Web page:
I spent time with Alyson Rhodes, as part of a workshop looking at inspiration for writing that can be derived from a cemetery (Bingley Cemetery on this occasion). The second of the two workshops was cancelled due to Coronavirus. However, I have so far produced two poems from the day.  I will add this to my collection of poems about graveyards.

This poem is one of them:


Was it the moss that lichened him to the stone?

Did he spend a life of meaning whilst alive?

Beneath the earth remains of calcified bone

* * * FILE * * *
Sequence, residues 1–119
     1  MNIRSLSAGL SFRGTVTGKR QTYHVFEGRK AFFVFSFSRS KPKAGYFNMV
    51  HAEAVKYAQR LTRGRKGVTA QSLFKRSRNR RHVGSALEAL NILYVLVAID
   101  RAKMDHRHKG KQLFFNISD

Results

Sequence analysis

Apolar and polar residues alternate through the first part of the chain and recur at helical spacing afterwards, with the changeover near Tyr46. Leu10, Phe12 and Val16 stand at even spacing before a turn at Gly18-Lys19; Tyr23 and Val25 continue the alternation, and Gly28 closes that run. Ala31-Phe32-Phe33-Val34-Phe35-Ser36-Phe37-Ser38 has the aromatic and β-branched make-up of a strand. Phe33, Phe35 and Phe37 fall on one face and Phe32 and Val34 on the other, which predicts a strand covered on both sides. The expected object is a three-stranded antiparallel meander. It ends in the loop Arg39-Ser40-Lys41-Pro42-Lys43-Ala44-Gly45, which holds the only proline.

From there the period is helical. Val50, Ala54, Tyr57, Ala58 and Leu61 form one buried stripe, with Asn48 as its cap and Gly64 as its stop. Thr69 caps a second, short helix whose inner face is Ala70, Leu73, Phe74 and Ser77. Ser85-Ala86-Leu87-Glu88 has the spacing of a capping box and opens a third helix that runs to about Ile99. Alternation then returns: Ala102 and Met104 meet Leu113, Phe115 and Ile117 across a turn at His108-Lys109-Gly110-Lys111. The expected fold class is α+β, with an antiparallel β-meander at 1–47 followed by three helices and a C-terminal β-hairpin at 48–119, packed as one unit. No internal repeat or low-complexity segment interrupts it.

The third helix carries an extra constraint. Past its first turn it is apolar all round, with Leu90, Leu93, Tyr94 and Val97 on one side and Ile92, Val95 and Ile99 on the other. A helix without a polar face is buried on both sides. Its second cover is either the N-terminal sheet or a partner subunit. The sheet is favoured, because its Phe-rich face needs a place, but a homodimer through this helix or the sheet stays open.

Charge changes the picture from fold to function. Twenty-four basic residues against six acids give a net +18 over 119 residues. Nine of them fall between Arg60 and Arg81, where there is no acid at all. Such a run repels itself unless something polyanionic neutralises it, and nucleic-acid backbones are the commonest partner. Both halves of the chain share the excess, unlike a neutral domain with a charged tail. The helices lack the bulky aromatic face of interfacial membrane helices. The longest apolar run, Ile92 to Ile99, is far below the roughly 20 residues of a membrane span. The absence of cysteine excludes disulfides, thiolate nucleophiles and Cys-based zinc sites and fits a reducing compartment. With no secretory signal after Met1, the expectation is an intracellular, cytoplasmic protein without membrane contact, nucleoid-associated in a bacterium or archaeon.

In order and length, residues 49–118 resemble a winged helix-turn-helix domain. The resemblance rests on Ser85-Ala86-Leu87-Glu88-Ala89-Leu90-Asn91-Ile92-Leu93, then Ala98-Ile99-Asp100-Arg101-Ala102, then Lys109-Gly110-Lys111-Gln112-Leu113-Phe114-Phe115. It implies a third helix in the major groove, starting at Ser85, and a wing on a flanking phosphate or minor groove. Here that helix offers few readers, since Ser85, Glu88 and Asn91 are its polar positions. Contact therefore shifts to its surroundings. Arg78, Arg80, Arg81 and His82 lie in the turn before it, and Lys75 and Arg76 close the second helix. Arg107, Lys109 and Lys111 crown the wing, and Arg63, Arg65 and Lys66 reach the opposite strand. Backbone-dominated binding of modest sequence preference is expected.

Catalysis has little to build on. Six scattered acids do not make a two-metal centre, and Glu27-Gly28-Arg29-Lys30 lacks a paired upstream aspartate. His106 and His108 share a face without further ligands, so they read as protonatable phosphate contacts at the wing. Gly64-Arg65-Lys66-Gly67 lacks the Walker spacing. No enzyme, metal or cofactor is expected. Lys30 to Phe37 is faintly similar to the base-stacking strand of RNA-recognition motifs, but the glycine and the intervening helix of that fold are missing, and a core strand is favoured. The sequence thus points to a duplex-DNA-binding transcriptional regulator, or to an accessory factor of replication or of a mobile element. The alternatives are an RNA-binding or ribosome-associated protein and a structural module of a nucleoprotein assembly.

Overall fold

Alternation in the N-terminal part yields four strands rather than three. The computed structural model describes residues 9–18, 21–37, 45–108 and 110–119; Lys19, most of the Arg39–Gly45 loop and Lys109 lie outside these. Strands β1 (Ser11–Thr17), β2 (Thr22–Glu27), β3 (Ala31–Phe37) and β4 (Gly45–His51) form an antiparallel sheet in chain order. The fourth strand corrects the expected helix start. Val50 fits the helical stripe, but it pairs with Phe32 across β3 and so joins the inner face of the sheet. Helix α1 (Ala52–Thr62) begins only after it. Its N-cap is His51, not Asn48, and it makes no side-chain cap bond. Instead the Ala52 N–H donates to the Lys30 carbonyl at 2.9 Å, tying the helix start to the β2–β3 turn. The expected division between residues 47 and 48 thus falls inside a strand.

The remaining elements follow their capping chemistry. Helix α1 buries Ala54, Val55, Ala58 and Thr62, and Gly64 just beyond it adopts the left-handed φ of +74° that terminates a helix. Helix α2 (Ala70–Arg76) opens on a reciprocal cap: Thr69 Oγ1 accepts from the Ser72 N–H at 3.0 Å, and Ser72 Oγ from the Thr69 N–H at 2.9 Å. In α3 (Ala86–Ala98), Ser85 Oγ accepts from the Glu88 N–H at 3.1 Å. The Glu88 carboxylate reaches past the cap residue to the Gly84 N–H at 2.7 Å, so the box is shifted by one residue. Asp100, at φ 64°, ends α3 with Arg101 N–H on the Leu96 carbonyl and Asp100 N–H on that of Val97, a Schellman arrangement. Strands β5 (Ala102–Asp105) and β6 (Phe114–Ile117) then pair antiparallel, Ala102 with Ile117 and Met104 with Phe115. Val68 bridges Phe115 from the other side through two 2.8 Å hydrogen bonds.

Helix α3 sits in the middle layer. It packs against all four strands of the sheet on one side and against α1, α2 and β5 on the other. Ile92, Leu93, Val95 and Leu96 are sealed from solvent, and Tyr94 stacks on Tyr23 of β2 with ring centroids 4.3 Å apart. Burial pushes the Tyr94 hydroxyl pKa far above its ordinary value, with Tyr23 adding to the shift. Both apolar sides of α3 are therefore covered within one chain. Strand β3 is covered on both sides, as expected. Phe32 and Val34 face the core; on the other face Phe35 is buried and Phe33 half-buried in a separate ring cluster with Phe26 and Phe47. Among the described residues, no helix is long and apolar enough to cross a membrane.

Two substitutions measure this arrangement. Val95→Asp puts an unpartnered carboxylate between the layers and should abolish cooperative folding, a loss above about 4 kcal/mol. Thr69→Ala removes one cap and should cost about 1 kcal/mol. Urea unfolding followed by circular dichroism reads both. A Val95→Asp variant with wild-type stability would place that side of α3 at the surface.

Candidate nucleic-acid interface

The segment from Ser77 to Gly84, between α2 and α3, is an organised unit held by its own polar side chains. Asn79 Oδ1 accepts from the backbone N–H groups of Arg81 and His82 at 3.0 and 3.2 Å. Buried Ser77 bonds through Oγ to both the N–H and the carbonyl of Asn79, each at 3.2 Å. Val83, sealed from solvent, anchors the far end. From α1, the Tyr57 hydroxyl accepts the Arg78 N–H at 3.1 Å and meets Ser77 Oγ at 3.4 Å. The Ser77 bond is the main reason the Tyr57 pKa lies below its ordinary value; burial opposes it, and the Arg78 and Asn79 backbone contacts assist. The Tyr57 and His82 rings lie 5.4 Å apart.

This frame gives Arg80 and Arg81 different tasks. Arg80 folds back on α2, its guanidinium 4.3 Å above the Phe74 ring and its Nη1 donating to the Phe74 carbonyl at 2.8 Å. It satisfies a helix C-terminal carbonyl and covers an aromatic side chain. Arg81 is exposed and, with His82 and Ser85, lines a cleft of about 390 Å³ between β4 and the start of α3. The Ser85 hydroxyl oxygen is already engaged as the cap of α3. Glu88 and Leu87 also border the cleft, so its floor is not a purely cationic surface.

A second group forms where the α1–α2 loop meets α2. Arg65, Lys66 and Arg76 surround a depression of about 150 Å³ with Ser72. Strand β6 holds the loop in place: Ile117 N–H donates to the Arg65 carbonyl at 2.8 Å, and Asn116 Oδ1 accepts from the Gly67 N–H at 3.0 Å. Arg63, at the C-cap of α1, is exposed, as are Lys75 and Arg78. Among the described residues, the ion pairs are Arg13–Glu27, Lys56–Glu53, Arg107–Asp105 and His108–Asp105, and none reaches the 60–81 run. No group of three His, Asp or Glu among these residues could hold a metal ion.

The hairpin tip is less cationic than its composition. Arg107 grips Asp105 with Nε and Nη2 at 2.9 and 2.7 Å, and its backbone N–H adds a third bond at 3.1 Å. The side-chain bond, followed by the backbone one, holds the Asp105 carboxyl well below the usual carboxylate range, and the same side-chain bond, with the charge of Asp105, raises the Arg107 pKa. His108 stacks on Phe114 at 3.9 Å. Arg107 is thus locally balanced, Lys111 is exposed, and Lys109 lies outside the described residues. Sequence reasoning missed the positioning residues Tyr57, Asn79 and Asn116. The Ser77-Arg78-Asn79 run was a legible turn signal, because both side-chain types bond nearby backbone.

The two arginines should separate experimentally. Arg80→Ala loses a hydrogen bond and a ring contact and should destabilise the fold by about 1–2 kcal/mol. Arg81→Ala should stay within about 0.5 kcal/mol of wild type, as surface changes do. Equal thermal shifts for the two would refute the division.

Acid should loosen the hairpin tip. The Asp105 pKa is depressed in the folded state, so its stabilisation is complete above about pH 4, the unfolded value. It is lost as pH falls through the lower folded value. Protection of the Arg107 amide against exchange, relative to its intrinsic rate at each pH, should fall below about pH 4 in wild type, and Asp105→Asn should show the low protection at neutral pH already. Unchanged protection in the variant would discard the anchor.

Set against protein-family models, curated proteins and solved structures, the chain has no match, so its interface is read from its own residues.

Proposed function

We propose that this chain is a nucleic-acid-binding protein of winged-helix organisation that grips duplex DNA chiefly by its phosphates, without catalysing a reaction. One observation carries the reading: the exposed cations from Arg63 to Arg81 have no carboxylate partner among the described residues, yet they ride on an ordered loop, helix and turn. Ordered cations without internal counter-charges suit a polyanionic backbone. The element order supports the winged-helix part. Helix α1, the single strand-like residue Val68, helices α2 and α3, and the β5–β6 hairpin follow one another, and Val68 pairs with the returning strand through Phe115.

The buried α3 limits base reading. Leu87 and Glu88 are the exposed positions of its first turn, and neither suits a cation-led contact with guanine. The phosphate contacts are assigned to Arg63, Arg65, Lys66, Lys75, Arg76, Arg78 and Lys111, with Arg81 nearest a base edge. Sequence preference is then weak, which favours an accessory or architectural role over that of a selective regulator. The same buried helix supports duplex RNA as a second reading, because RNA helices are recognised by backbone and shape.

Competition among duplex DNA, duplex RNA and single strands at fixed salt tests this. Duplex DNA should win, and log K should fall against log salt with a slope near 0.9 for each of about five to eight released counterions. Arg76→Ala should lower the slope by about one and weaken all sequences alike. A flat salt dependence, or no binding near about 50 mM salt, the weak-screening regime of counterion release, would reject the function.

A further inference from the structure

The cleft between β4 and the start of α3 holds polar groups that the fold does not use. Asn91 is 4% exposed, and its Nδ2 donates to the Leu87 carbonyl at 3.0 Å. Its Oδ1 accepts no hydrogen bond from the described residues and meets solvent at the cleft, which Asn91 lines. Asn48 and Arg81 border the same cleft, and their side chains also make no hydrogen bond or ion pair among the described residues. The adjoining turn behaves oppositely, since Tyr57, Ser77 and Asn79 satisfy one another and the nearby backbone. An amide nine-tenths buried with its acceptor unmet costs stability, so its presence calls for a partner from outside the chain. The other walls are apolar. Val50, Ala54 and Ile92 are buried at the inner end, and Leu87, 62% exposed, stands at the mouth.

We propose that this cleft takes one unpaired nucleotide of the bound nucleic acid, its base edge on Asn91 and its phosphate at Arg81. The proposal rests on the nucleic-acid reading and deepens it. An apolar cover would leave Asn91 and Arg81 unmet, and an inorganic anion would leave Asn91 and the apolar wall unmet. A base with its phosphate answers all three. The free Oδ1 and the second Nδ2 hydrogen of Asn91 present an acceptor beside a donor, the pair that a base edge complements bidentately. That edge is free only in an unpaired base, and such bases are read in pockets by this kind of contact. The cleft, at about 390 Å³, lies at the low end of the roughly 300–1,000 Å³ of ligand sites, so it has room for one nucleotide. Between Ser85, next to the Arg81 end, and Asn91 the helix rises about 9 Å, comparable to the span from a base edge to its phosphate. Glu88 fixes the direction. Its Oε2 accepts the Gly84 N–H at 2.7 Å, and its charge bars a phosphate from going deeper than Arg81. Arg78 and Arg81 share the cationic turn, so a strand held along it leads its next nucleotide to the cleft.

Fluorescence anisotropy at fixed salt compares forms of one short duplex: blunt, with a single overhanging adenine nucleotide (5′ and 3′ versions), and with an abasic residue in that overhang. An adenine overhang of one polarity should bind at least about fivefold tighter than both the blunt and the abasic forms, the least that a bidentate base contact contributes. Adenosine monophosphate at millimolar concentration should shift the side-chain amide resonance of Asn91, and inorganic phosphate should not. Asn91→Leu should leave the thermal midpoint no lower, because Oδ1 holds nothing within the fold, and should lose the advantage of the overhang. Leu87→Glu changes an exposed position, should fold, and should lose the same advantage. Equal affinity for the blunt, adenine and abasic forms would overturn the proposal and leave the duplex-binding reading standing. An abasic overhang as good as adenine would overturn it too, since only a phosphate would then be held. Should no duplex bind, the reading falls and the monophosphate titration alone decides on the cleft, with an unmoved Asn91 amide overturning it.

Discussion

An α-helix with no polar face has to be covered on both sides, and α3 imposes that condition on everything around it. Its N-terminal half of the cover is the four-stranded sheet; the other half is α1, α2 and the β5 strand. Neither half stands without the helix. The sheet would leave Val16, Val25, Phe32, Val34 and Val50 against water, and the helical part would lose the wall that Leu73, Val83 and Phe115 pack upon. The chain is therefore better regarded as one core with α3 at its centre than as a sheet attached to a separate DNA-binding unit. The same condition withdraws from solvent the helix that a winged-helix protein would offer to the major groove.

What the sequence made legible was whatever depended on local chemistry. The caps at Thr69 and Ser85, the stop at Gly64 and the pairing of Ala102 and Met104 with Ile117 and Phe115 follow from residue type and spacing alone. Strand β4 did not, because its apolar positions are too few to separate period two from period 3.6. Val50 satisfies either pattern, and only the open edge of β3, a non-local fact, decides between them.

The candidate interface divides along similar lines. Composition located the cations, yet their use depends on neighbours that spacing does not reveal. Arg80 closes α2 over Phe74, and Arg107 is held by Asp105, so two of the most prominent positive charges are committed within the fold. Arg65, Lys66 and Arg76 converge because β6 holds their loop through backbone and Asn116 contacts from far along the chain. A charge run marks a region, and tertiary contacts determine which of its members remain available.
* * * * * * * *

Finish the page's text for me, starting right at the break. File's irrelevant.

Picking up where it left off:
Whilst above the ground granite memorials loom,

Near lies MARINA, who died by the ocean

Here the ‘sea’ is wave upon wave of headstones

that stretch eastwards; an army moving in slow motion

marching on the spot, watching over loved ones.

There are the well tended and neglected plots

Homing a no longer old husband or wife

Graves of the haves and also of the have nots

long livers and some who died young in a strife

Some sought religion before they passed over

Others found a different faith late in life

But the one thing each gravestone had in common

words mourning their passing, that cut like a knife

Peter Kay